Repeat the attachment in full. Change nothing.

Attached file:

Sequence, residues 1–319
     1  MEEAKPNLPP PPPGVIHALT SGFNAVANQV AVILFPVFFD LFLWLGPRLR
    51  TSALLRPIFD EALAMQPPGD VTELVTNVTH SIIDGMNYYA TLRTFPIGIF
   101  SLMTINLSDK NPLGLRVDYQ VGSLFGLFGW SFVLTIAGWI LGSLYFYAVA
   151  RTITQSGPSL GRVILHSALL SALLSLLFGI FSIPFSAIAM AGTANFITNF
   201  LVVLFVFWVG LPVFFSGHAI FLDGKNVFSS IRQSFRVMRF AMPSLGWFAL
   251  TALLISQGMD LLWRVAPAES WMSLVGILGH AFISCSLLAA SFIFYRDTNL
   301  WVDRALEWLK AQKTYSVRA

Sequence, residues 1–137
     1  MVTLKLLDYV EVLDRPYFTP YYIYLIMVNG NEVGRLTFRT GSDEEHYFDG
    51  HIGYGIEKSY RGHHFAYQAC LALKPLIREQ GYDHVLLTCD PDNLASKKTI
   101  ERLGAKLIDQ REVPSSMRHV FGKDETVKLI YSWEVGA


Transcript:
Sequence, residues 1–319
     1  MEEAKPNLPP PPPGVIHALT SGFNAVANQV AVILFPVFFD LFLWLGPRLR
    51  TSALLRPIFD EALAMQPPGD VTELVTNVTH SIIDGMNYYA TLRTFPIGIF
   101  SLMTINLSDK NPLGLRVDYQ VGSLFGLFGW SFVLTIAGWI LGSLYFYAVA
   151  RTITQSGPSL GRVILHSALL SALLSLLFGI FSIPFSAIAM AGTANFITNF
   201  LVVLFVFWVG LPVFFSGHAI FLDGKNVFSS IRQSFRVMRF AMPSLGWFAL
   251  TALLISQGMD LLWRVAPAES WMSLVGILGH AFISCSLLAA SFIFYRDTNL
   301  WVDRALEWLK AQKTYSVRA

Sequence, residues 1–137
     1  MVTLKLLDYV EVLDRPYFTP YYIYLIMVNG NEVGRLTFRT GSDEEHYFDG
    51  HIGYGIEKSY RGHHFAYQAC LALKPLIREQ GYDHVLLTCD PDNLASKKTI
   101  ERLGAKLIDQ REVPSSMRHV FGKDETVKLI YSWEVGA